Friday, March 11, 2005

Time to Put TNR Out of its Misery

David Sirota's outrage regarding The New Republic's conservative direction is crystallizing my own discomfort with the publication, and pushing me to a difficult decision. I hate to cancel my subscription: I've been a subscriber since 1980 and was mostly happy with the magazine and its storied past.

I lasted through the neo-conservative heterodoxies of the 80's and 90's, because at least the neo-cons thought things through, and they had a plan. Now, with Iraq, we know how stupid and divisive their plan was, and will be again and again with Iran and Syria and the rest of the Middle East. Still, it wasn't until Peter Beinart became Chief Editor, and stabbed us all in the back with this misleading analogy between Henry Wallace (FDR's 2nd Vice-President) and filmmaker Michael Moore that my outrage began boiling:

When liberals talk about America's new era, the discussion is largely negative--against the Iraq war, against restrictions on civil liberties, against America's worsening reputation in the world. In sharp contrast to the first years of the cold war, post-September 11 liberalism has produced leaders and institutions--most notably Michael Moore and MoveOn--that do not put the struggle against America's new totalitarian foe at the center of their hopes for a better world. As a result, the Democratic Party boasts a fairly hawkish foreign policy establishment and a cadre of politicians and strategists eager to look tough. But, below this small elite sits a Wallacite grassroots that views America's new struggle as a distraction, if not a mirage. Two elections, and two defeats, into the September 11 era, American liberalism still has not had its meeting at the Willard Hotel. And the hour is getting late.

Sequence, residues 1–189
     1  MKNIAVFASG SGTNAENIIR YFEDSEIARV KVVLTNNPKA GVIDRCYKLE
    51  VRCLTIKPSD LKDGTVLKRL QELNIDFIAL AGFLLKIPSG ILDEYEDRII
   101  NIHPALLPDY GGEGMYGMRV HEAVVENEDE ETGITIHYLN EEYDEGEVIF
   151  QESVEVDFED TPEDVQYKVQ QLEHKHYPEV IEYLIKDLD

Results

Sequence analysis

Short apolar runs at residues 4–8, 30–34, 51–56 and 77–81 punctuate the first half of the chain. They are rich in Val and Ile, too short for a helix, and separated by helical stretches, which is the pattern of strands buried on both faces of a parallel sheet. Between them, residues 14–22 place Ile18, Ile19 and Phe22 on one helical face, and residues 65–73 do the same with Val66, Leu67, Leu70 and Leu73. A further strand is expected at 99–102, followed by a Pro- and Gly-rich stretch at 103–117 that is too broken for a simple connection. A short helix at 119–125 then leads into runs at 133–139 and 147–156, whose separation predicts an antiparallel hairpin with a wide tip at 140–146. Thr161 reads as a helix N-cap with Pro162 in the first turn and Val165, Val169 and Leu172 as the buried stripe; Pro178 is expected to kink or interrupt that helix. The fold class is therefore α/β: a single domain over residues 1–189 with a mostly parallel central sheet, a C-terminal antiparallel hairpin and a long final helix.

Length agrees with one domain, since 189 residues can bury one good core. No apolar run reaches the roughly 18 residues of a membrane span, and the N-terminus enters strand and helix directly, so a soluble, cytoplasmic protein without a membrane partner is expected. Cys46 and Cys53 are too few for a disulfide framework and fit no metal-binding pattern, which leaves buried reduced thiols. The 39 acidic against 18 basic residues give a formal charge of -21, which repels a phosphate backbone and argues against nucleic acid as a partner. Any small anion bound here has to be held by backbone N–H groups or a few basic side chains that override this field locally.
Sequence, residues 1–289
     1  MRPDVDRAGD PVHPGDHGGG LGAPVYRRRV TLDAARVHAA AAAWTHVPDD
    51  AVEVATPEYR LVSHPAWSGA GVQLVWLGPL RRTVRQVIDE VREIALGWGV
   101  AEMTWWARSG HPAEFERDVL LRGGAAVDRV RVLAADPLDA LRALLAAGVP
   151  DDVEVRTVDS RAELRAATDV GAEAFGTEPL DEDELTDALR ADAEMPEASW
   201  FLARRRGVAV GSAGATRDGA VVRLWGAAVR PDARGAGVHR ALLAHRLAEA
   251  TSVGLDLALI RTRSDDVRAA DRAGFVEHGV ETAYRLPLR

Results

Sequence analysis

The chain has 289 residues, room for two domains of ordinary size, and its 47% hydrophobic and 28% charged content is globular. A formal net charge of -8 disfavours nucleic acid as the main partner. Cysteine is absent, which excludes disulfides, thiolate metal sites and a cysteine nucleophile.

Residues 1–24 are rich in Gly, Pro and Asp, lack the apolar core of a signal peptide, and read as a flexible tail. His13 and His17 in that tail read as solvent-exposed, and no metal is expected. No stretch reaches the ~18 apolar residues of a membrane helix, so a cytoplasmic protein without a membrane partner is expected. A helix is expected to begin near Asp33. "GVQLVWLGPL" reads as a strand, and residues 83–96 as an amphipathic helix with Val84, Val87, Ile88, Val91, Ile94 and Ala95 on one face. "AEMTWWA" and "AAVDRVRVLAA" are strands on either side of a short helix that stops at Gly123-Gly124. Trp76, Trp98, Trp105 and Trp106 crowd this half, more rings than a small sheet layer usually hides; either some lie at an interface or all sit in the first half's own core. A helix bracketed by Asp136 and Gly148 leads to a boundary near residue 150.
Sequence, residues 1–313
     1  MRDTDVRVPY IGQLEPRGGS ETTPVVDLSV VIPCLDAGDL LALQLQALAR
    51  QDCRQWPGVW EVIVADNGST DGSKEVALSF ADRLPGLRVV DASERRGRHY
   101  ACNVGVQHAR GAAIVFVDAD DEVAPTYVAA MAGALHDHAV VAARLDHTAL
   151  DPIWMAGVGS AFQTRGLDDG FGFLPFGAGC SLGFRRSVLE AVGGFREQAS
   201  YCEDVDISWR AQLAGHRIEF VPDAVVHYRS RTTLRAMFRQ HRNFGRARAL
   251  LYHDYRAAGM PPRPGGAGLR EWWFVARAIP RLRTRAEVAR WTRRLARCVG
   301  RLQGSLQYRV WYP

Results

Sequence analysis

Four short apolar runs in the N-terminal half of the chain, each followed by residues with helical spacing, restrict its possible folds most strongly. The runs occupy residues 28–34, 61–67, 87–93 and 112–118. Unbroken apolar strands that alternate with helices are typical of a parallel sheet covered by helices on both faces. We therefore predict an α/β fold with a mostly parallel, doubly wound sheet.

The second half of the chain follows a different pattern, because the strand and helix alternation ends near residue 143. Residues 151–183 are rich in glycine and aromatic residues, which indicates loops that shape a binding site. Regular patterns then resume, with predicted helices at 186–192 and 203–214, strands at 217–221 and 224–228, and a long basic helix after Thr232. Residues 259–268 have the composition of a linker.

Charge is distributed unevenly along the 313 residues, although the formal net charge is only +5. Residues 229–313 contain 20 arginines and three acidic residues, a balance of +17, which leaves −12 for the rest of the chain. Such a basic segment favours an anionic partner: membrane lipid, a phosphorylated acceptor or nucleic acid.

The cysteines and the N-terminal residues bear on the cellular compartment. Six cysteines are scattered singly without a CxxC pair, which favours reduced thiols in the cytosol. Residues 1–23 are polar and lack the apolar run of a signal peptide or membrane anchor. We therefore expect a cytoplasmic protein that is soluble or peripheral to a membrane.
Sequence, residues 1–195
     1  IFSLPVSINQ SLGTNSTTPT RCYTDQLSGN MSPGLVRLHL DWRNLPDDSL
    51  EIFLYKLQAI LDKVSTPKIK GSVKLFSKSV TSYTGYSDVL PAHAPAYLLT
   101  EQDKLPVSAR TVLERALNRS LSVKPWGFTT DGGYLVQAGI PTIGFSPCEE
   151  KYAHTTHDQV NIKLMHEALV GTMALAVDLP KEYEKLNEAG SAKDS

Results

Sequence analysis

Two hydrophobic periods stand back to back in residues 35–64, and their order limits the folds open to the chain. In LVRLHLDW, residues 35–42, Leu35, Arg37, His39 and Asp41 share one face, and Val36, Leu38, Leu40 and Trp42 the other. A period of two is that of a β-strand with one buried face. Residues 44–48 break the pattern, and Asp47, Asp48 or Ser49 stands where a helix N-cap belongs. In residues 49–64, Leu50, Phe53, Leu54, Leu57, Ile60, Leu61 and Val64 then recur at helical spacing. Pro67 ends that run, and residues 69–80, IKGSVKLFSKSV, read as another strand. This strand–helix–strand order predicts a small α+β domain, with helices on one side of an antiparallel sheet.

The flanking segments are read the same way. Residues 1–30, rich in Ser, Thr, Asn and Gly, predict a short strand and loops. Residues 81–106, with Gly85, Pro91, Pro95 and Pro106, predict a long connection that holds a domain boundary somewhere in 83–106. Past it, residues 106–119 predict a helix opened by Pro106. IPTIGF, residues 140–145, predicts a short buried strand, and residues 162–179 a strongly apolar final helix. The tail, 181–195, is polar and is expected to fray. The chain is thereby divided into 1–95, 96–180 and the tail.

(Note to Beinart: Michael Moore is a critic, not a leader, like Wallace once was. And MoveOn is a campaign vehicle - a nascent political party - and really not an 'institution' at all.)

In addition, Martin Peretz, former principle owner and Chief Editor of TNR, is still consumed by pathetic losers like Jesse Jackson and Al Sharpton, at a time when real-life fascists are loose in the land. Peretz's grim focus on the PC-circus at Harvard has descended into simple crankery. There are bigger issues, after all!

Times have changed. Elitism in the Democratic Party has its place, but not when the elite seeks to use lazy deceit to help expel the majority of its membership.

TNR's delusions have become unendurable. It's time to cancel my subscription, or at least let it run out. If Peretz, Beinart et al. have such contempt for us, their readers, their liberal constituency, why should we reciprocate with our time and attention? After 9/11, I'm still a little mad with The Nation, however, and will have to go hunting for an appropriate home.

Thursday, March 10, 2005

Second Avenue

Via Broad at Bat, life with Cloudy:


The Dollar

Has resumed its downward direction.